I don't if I am more surprised that Amazon offers 250 million products or that Walmart "only" offers 4.2 million.
The battle between Amazon and Walmart would be a great metaphor (if it were not so real) for the fight for the 21st century consumer. Who will win? Will it be Amazon with its roots in the digital world or Walmart that hails from the land of bricks and mortar. Not since John Henry, that "steel drivin' man" has a battle between past vs. future been so fierce.
Well, the Captain said to John Henry
"I'm gonna bring my steam drill around
Gonna bring my steam drill out on the job
Gonna whup that steel on down, down, down
Whup that steel on down"
John Henry said to the Captain
(What he say?)
"You can bring your steam drill around
You can bring your steam drill out on the job
I'll beat your steam drill down, down, down
Beat your steam drill down"
Walmart is John Henry and Amazon is that steam drill and, like John Henry, despite a mighty effort Walmart continues to struggle in going digital. To get a sense of the gap, check out this Motley Fool, "Wal-Mart vs. Amazon: Shipping Cost Comparison."
Here is what stuck out to me:
I don't know if I am more surprised that Amazon offers 250 million products or that Walmart "only" offers 4.2 million. That means that Amazon offers more than 60 times as many items as Walmart. I am not sure it makes a difference to the average person but it certainly does to the niche consumer.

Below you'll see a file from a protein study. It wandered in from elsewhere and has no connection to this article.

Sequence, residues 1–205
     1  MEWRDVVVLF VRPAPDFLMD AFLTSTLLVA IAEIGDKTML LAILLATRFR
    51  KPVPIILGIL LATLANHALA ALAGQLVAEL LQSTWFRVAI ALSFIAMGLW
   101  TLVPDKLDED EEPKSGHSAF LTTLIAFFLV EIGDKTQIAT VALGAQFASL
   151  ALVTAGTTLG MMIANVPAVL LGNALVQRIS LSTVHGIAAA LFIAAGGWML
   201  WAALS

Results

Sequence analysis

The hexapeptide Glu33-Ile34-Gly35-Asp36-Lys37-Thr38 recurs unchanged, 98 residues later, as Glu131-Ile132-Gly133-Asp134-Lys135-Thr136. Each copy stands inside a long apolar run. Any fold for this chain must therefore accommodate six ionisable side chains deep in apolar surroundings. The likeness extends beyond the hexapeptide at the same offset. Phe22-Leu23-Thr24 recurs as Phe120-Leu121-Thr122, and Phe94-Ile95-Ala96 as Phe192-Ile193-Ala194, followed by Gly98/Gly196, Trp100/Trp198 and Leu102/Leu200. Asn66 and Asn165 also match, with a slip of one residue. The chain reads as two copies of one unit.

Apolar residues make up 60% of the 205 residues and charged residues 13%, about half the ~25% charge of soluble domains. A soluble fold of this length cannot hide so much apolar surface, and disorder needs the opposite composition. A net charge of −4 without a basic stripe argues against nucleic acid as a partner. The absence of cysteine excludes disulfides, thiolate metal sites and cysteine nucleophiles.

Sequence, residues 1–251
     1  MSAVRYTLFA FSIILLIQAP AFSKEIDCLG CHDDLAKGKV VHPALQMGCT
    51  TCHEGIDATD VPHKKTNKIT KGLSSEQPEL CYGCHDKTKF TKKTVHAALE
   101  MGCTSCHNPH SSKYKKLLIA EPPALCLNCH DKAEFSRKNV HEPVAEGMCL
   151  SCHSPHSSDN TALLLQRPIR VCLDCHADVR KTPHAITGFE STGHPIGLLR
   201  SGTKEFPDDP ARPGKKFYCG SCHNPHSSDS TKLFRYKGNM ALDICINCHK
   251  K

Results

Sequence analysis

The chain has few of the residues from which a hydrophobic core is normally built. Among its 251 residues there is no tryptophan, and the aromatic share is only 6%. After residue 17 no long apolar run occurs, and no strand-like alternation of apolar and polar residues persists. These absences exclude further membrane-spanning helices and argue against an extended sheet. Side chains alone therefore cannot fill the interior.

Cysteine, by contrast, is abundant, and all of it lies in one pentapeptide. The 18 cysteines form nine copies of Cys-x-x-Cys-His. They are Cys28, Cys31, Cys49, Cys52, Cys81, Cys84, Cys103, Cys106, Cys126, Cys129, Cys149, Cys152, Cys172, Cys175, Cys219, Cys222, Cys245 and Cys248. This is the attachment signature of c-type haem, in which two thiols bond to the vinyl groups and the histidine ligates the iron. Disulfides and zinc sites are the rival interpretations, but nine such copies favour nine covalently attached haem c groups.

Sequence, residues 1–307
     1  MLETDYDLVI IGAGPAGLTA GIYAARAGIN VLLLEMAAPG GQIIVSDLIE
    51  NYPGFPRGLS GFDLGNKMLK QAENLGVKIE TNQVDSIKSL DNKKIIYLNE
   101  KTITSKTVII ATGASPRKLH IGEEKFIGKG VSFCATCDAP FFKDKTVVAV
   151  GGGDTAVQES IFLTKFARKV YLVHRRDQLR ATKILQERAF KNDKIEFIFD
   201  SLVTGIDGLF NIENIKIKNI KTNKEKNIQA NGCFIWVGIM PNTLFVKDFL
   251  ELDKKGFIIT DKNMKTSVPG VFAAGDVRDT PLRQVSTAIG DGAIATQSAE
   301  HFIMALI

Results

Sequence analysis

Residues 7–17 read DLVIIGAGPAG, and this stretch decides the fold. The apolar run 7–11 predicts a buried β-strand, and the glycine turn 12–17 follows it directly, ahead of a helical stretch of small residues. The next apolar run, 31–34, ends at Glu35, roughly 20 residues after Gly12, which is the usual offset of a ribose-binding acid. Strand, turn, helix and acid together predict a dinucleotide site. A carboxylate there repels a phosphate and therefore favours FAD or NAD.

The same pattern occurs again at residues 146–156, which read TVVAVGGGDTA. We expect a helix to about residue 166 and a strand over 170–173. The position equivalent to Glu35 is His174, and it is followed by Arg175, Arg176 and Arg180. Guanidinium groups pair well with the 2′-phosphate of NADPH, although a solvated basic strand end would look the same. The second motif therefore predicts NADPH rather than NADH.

A number of years ago, Chris Anderson came out with his book: "The Long Tail: Why the Future of Business Is Selling Less of More." According to the website, longtail.com: "The theory of the Long Tail is that our culture is shifting away from a focus on a relatively small number of "hits"…at the head of the demand curve and economy is increasingly shifting… toward a huge number of niches in the tail." These "hits" are highly profitable because they are scarce items with little competition.
Therefore, according to "Longtail Theory", the number of products Amazon offers makes it more entrenched with the niche consumer and therefore more profitable.
There are other numbers that interest me. For example, Amazon is available in 185 countries while Walmart is available in 27. In that there are 196 countries in the world, we can figure that Amazon has pretty much saturated the globe.
Walmart has a long, uphill battle against an opponent who keeps moving. There is, however, some good news for Walmart in all of this. While Amazon has pretty maxed out on countries, Wal-Mart can only grow. The giant can get giant-er.
Does Walmart need to add more items; it probably does? How many does it need to be a long tail destination? That is something they are going to need to find out. After all, what is Amazon going to do, make it 250 million and one?